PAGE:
 Thus, at Starbucks Don MacKinnon has been given goals related to the rollout and sales of Hear Music, and his success at implementing the strategy will be assessed by comparing actual performance against the goals.  Leading and Developing Employees  Leading is the process of motivating, influencing, and directing others in the organiza- tion to work productively in pursuit of organization goals.7 Leading also entails articu- lating a grand strategic vision for an organization and becoming a tireless advocate for that vision.  Academics talk about the value of the human capital of an enterprise, by which they mean the skills and motivations of its employees; they assert that human capital can be a source of competitive advantage.8 Bonnie Brooks recognized the importance of human capital when she took on the top management position at The Bay; one of her first actions was to recruit a top-notch team of managers and creative designers through which she could get things done.  Management expert Peter Drucker has emphasized that hiring and promoting the right people are among the most important management tasks be- cause they have lasting consequences for the organization and are difficult to reverse.  According to Drucker, about one in three selection and promotion decisions are only minimally effective. The legendary former CEO of General Electric, Jack Welch, seen by many as one of the best managers of the twentieth century, estimated that he spent 70 percent of his time as CEO developing and selecting other managers, mentoring them, and evaluating their performance.10 Sheline Roopchandani 3 MGM101 Leading and developing employees are in many ways the core connection among planning and strategizing, organizing, controlling, and creating incentives.  The organization may become bureaucratic; control may be lost; employees will lack incentives and motivation; and the organization may suffer insufficient human capital. The Types of Managers - There are three main types of managers: general managers, functional managers, and frontline managers. - Frontline managers manage employees who are themselves not managers.
 - Multi- divisional enterprises like GE have four main levels of management: the corporate level, the business level, functional managers, and frontline managers. - Functional managers are found within the divisions where they manage functions or subunits within those functions.  Corporate Level General Managers  In a multidivisional enterprise the CEO formulates strategies that span businesses deciding, for example, whether to enter new businesses through acquisitions or whether to exit a business area.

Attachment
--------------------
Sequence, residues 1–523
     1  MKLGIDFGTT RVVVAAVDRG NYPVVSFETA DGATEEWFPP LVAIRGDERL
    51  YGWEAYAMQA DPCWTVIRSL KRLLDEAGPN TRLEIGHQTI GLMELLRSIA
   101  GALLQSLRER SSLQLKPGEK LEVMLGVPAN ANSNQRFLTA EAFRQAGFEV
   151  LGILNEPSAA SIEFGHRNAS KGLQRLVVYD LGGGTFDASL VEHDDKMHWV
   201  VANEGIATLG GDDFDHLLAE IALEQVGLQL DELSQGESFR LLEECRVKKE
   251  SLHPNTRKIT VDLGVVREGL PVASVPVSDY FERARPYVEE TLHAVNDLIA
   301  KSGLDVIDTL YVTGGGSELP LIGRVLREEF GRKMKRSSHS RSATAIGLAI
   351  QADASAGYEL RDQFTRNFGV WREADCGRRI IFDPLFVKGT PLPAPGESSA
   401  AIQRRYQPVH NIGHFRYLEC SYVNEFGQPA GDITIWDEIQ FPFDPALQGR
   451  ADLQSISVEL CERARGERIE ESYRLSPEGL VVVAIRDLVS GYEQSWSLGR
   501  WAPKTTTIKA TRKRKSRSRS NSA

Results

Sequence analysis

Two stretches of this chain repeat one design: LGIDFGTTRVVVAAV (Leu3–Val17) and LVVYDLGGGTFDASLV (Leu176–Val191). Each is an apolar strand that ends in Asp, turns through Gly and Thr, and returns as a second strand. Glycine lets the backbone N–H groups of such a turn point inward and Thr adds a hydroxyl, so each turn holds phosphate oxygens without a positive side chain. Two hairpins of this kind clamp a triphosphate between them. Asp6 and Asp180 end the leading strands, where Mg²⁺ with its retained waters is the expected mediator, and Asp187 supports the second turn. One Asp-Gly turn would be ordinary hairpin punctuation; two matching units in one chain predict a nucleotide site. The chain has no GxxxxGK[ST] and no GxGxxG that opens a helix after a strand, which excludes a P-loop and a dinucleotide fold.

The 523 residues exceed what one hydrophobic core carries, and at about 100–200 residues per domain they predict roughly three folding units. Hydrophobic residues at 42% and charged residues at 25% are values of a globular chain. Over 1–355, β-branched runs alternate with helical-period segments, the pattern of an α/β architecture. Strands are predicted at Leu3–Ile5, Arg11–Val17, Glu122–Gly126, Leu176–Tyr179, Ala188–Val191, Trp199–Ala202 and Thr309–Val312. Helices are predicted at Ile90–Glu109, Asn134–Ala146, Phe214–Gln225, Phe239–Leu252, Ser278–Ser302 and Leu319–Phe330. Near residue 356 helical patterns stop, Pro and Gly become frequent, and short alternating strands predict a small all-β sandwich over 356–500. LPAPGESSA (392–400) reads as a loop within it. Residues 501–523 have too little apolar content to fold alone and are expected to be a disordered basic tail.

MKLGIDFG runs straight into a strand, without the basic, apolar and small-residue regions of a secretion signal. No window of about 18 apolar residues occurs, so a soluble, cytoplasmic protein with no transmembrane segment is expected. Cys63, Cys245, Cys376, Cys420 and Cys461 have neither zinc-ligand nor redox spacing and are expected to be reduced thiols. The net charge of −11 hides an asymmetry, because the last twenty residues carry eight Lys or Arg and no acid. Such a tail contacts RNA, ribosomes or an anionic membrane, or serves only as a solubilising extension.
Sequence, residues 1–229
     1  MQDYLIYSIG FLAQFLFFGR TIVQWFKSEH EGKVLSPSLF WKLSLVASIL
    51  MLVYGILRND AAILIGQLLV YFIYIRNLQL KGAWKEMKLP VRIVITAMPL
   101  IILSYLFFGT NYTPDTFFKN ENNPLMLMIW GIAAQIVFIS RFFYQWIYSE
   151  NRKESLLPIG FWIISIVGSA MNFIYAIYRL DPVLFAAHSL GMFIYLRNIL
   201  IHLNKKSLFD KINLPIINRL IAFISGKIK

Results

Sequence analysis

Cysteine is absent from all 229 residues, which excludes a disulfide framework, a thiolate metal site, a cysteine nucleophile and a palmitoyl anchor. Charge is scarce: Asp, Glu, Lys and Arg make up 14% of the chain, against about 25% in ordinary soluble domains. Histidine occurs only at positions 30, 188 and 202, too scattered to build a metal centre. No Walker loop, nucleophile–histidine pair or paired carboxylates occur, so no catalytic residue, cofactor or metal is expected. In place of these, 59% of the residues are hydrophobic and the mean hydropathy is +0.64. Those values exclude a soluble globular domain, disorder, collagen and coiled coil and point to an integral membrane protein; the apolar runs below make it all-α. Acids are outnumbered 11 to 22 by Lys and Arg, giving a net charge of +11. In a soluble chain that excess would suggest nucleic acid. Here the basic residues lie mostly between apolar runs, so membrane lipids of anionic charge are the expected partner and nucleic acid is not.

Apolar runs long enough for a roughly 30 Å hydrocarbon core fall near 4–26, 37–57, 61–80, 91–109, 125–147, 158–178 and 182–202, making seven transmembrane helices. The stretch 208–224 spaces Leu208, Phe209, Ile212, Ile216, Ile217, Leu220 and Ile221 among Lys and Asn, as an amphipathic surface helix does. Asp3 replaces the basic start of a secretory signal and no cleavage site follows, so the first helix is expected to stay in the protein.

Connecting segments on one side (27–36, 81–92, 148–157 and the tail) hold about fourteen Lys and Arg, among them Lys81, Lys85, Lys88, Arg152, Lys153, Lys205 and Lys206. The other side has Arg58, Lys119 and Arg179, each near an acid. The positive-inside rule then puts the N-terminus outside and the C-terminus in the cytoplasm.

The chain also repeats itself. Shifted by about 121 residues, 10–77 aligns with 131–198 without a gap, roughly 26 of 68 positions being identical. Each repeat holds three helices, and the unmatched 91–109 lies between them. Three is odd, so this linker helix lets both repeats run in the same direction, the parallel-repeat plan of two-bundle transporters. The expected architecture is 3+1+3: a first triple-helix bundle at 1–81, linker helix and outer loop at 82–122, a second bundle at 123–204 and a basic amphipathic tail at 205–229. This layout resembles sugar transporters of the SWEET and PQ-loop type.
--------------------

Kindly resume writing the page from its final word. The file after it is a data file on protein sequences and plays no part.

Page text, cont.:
 The CEO decides how the enterprise should be organized into different divisions and signs off on major strategic initiatives proposed by the heads of divisions, 
 has articulated a grand vision that includes pushing GE into environmentally friendly technologies. Immelt is doing this because he thinks it makes good business sense.  
 Under Immelt GE is also exiting some businesses that do not fit his strategic vision, including GE's insurance business, which was sold to Swiss Reinsurance Co.
 The CEO of a corporation also manages relationships with the people who own the company its shareholders.  Business Level General Managers - GE has general managers running the power generation business, the medical equipment business, the lighting business, and so on. - 
 Business-level managers often have considerable latitude to develop and implement strategies that they believe will improve the performance of their divisions, so long as those strategies are consistent with the overall goals and vision for the entire corporation.
 - Business-level general managers organize operations within their division, deciding how best to divide tasks into functions and departments and how to coordinate those subunits so that strategy can be successfully implemented.  Functional Managers - Below general managers we find functional managers, who are responsible for specific business functions that constitute a company or one of its divisions.
 - Thus a functional manager's sphere of responsibility is generally confined to one organizational activity (purchasing, marketing, production, or the like), whereas general managers oversee the operation of the entire company or a self-contained division.